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Personal hygiene checklist.

cross-contamination can occur include the following:


• Mixing contaminated leftovers with a freshly cooked batch of
food.
Self • Handling ready-to-eat foods with unclean hands.
Stay healthy. Maintain daily sleep, well-balanced diet, and • Handling several types of food without washing hands in
relaxation. between.
Report to supervisor if you are sick. • Cutting raw chicken, then using the same cutting board,
Stay clean. Practice daily bathing, shampoo hair regularly, use unsanitized, to cut vegetables.
• Placing ready-to-eat foods on a lower refrigerator shelf and
deodorant, and take care allowing juices from raw
of fingernails—they should be cleaned, trimmed, and free of fish or meat to drip onto them from an upper shelf.
polish and decorations. • Wiping down work surfaces with a soiled cloth.
Wear only clothes that are new or have been washed. Shoes For the food worker, the first step in preventing food-borne
disease is good personal
should cover the foot hygiene. Even when we are healthy, we have bacteria all over our
(no sandals, open toe) and have nonskid soles. skin and in our nose and
Wear caps or hairnets. mouth. Some of these bacteria, if given the chance to grow in
Avoid items that may fall into food/beverages: hairpins, jewelry, food, will make people ill.
false nails, nail polish, 1. Do not work with food if yo u have any communicable disease
or infection.
nail decorations, bandages on hand (cover with plastic gloves), 2. Bathe or shower daily.
handkerchiefs. 3. Wear clean uniforms and aprons.
4. Keep hair neat and clean. Always wear a hat or hairnet. Hair
Food Handling longer than shoulder
length must first be tied back and then secured under a net or hat.
Avoid handling food; use serving spoons, scoopers, dippers, 5. Keep mustaches and beards trimmed and clean. Better yet, be
tongs, and ladles. clean-shaven.
Cover all exposed food with lids, plastic wrap, or aluminum wrap. 6. Remove all jewelry: rings, low-hanging earrings, watches,
Taste food with clean spoon and do not reuse. bracelets. Avoid facial
If gloves are used, change them between food and nonfood piercings; if you have them, don’t touch them.
7. Wash hands and exposed parts of arms before work and as
handling. often as necessary during
work, including:
Kitchen • After eating, drinking, or smoking.
Wash hands in the hand-washing sink before starting and after • After using the toilet.
• After touching or handling anything that may be contaminated
breaks/meals.
with bacteria.
Cover all coughs/sneezes and immediately wash hands in hand 8. Cover coughs and sneezes, then wash your hands.
sink. 9. Keep your hands away from your face, eyes, hair, and arms.
No smoking or gum chewing. 10. Keep fingernails clean and short. Do not wear nail polish.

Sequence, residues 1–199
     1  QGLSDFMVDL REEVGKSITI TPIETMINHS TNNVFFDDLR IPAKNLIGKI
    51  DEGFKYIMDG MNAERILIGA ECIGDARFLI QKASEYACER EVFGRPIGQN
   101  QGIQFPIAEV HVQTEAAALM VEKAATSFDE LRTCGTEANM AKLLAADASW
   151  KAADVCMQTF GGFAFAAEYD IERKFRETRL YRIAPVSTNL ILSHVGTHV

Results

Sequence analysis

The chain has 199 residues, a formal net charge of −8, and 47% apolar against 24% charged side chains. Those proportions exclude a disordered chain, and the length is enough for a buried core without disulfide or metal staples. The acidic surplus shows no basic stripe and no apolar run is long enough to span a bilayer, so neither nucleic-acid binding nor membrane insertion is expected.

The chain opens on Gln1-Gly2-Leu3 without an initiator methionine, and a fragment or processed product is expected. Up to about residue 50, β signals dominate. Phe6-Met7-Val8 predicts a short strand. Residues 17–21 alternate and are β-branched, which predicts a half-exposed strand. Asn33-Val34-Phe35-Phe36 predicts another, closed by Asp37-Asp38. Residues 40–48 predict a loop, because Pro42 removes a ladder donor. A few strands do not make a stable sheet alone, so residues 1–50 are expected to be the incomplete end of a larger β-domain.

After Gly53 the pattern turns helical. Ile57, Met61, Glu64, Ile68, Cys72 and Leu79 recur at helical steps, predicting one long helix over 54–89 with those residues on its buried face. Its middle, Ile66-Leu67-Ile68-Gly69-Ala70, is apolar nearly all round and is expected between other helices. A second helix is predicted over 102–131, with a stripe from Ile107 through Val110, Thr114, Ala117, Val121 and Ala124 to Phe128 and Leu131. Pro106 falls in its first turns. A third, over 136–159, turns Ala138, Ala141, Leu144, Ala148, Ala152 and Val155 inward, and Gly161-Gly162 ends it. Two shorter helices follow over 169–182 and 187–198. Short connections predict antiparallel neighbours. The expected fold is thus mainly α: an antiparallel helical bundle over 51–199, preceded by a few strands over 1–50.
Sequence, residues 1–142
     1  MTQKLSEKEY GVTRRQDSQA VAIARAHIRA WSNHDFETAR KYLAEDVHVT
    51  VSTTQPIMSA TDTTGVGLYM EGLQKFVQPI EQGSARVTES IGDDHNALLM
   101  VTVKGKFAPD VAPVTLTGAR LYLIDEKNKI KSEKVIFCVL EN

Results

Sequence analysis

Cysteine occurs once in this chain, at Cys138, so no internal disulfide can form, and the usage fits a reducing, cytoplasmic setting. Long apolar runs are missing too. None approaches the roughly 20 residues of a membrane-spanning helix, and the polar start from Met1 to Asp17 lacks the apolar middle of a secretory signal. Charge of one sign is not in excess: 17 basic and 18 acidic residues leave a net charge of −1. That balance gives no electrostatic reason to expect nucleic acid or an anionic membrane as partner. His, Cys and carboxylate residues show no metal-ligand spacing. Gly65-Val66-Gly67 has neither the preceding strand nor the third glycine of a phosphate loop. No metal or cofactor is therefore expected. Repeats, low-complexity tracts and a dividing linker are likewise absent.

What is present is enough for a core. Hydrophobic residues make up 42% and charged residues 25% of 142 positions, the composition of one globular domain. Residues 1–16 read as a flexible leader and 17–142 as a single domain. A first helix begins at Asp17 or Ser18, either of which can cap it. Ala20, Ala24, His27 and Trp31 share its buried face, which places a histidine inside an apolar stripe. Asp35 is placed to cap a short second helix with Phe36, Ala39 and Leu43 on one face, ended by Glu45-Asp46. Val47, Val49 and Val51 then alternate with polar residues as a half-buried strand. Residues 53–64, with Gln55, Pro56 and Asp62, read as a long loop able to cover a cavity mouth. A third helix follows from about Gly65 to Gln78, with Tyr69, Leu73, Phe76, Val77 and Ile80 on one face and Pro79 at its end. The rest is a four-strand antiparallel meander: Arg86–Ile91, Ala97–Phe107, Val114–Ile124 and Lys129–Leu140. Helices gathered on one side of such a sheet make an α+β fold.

Keep all surfaces clean. 11. Do not smoke or chew gum while on duty.
12. Cover cuts or sores with clean bandages. If the sore is on the
Use potholders for pots and dish towels for dishes.
hands, you must wear
Keep cleaning items away from foods/beverages.
Ten Rules for Handling Food Safely
Serving 1. All employees must follow strict personal hygiene policies.
Hold plates without touching the surface. 2. Potentially hazardous foods should be identified on the
Carry silverware only by the handles. menu, and safe handling procedures should be established
Handle glassware without touching the rim or the inside. for each.
3. Food must be obtained from approved suppliers
Personal Hygiene 4. Time/temperature abuse must be avoided when handling
Earlier in this chapter, we said most food-borne disease is caused prepared foods.
by bacteria. Now we expand 5. Potentially hazardous raw foods must be kept separate from
that statement slightly to say that most food-borne disease is
ready-to-eat foods.
caused by bacteria spread by
food workers. 6. Cross-contamination must be avoided: Establish handwashing
At the beginning of this chapter, we defined contamination as guidelines. Wash, rinse and sanitize all food contact
harmful substances not surfaces.
present originally in the food. Some contamination occurs before 7. Foods must be cooked to recommended internal
we receive the food, which temperatures.
means proper purchasing and receiving procedures are important
parts of a sanitation program. 8. Hot foods should be held hot (135 F or greater) and cold
But most food contamination occurs as a result of cross- foods held cold (41 F or lower).
contamination, defined as the 9. Foods must be cooled from 135 F to 70 F in 2 hours or less
transference of hazardous substances, mainly microorganisms, to and from 70 F to 41 F in 4 hours or less.
a food from another food 10. Leftovers must be heated to 165 F for at least 15 seconds
or another surface, such as equipment, worktables, or hands.
within 2 hours. Leftovers only should be reheated once
Examples of situations in which